Campaign to popularise generic medicines
Call to go generic, save health & money Jeevandhara aims to replace patented drugs Adapa Appa Rao ...
- Call to go generic, save health & money
- Jeevandhara aims to replace patented drugs
Adapa Appa Rao
Kakinada: Thanks to the genius of Ravi Uday Bhasker, general manager of Jeevandhara, generic medicines are gradually flowing into the market. Though generic medicines may take a long time to become popular, they would definitely attract the poorer sections as they are cheap. How fast they will flood the market replacing the commanding position of patented drugs depends on campaign to create awareness among the masses.
Mr Uday Bhasker, who has decided to shoulder this responsibility, is currently touring the State to espouse the cause of generic drugs. His aim is to establish at least one medical shop of generic medicines in each mandal. By way of potency and functioning, both generic as well as patented drugs are exactly the same. The only difference is that the patented or branded ones cost at least three times more than their generic counterparts.
As secretary-general of All India Drug Control Officers' Federation, Mr Bhasker is concerned about the expenditure of an average man on health and medicines. Going by a World Health Organisation (WHO) survey, he realised that a shocking 65 per cent of the population is below poverty line in India and it spends half its earnings on medicines. Food and other basic needs took a backseat. Then, he came up with the solution of replacing patented drugs with generic replicas.
Thus Jeevandhara came into being. It is a government undertaking propagating generic medicines. It functions under the Andhra Pradesh Medical Services Infrastructure Development Corporation. If one strip of patented medicine introduced into the market with all the taxes costs around Rs 140, a strip of generic medicine costs only Rs 40 or Rs 20. There are nearly 348 kinds of medicines in the State. With these, 75 per cent of the diseases are cured. Generic medicines are available in all these kinds. If awareness grows, money could be saved along with gaining better health.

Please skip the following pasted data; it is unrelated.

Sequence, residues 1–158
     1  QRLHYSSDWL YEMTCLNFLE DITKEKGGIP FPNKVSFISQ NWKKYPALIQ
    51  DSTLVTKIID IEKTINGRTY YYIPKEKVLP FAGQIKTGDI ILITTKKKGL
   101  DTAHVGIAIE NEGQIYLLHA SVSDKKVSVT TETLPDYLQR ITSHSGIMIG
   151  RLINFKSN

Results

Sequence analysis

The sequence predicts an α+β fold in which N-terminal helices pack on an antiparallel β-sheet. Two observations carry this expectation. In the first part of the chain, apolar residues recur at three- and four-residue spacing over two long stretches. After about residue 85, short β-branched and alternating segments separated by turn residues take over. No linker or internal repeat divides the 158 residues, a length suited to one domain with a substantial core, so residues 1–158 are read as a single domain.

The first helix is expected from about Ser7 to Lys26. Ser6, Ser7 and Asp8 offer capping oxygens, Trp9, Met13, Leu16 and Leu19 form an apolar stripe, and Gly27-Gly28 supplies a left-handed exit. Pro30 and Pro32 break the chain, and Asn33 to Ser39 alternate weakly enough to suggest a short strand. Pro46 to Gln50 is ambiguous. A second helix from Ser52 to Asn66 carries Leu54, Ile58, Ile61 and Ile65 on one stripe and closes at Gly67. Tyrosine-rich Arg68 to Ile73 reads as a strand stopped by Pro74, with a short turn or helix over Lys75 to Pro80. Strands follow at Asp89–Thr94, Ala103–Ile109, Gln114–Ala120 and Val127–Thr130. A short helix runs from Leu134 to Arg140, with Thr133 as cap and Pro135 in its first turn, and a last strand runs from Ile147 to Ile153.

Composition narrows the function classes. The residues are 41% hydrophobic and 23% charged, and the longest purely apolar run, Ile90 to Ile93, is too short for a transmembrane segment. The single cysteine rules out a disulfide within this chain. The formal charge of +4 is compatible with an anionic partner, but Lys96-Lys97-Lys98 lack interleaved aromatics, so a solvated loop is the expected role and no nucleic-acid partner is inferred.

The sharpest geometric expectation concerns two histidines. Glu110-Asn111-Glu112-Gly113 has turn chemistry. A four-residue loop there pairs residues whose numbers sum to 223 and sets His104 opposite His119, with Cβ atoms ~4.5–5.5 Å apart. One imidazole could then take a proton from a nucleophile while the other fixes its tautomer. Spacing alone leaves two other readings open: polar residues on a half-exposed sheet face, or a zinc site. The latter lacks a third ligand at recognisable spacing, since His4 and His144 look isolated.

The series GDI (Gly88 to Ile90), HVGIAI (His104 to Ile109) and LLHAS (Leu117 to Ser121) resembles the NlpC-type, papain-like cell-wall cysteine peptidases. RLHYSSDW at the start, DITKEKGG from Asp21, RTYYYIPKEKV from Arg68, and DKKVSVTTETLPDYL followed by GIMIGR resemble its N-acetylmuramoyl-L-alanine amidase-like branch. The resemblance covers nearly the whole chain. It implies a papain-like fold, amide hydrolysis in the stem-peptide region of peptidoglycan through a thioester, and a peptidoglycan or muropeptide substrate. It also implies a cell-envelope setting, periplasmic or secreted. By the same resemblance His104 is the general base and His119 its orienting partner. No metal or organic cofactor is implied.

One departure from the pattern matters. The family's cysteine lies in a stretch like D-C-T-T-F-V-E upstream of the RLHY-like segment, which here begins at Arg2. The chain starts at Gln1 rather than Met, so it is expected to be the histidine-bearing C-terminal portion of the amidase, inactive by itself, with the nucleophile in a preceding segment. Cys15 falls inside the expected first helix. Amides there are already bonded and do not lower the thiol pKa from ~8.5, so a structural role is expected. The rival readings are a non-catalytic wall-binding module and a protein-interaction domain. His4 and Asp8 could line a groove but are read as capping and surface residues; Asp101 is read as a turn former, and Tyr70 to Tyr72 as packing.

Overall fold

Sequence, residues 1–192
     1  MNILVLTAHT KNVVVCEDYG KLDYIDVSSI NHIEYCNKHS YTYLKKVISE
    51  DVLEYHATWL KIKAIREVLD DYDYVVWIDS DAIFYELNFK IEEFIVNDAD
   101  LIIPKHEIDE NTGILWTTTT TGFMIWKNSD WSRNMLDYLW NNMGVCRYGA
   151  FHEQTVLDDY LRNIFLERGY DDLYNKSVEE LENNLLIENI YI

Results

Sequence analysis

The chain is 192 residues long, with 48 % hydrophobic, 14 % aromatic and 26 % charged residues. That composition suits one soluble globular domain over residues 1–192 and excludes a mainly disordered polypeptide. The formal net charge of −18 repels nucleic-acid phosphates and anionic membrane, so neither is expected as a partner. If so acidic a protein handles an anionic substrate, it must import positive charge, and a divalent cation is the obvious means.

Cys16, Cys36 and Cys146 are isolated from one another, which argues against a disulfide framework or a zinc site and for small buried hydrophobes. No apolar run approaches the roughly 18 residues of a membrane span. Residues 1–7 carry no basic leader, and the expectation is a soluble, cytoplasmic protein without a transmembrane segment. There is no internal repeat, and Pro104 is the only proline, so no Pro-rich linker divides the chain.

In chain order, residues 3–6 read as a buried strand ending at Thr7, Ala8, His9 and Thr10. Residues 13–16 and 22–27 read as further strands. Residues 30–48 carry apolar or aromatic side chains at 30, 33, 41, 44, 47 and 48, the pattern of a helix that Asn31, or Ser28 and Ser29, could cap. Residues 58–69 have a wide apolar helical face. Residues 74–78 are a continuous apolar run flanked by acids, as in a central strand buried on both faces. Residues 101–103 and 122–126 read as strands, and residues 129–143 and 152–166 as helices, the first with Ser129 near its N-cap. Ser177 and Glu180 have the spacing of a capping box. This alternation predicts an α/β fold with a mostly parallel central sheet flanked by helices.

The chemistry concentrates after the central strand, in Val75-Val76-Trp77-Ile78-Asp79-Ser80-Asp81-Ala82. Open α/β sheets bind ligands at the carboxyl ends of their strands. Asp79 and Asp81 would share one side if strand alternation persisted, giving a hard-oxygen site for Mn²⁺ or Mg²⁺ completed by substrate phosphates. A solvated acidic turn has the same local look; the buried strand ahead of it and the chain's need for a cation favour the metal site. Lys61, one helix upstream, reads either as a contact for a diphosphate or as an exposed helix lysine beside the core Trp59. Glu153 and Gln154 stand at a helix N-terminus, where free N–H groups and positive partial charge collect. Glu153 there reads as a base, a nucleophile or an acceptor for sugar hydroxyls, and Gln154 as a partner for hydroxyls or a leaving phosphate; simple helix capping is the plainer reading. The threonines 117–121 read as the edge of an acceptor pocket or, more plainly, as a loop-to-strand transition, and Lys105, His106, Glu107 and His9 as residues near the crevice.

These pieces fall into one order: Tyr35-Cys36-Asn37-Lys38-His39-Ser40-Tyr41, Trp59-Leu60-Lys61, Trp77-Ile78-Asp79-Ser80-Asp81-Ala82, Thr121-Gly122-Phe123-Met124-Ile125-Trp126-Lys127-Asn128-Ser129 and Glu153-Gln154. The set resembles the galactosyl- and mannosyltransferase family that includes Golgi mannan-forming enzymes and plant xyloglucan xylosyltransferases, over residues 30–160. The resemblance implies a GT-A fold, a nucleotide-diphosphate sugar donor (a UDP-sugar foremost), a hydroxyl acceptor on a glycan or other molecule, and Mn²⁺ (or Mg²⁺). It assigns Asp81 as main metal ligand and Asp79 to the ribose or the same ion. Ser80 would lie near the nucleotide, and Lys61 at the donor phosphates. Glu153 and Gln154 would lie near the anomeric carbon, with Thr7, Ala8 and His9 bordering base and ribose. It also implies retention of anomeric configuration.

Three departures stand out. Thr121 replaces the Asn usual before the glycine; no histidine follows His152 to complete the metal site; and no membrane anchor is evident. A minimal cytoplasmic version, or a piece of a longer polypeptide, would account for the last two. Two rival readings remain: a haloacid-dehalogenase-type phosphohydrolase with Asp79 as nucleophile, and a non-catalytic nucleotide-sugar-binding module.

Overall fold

To stop the general public from being fleeced, top branded pharmaceuticals were consulted and requested to release non-patented medicines along with patented ones into the market. If the use of generic medicines increases, medicines bought outside for Rs 100 could cost just Rs 20 in generic medical shops.
Laughing off the idea of bandh by medical shops being successful, Mr Bhasker said generic medicines can be made popular only through awareness. Condemning some self-centred elements, who were indifferent to the popularising of generic medicines, he pointed out that it is 'social injustice'. While 90 per cent of the population uses medicines, 80 per cent of this was spending its hard earned income on drugs that could be bought at cheaper rates.
These medicines would be useful to the poor, especially chronic patients like diabetics and hypertensive. Generic medical shops are springing up with the slogan Arogyam Kakudadhu Bhaaram (Health should not be a burden). "If people become aware of generic medicines, health will never be a burden. They should realise that whether branded or generic, both are the same medicine," he said.
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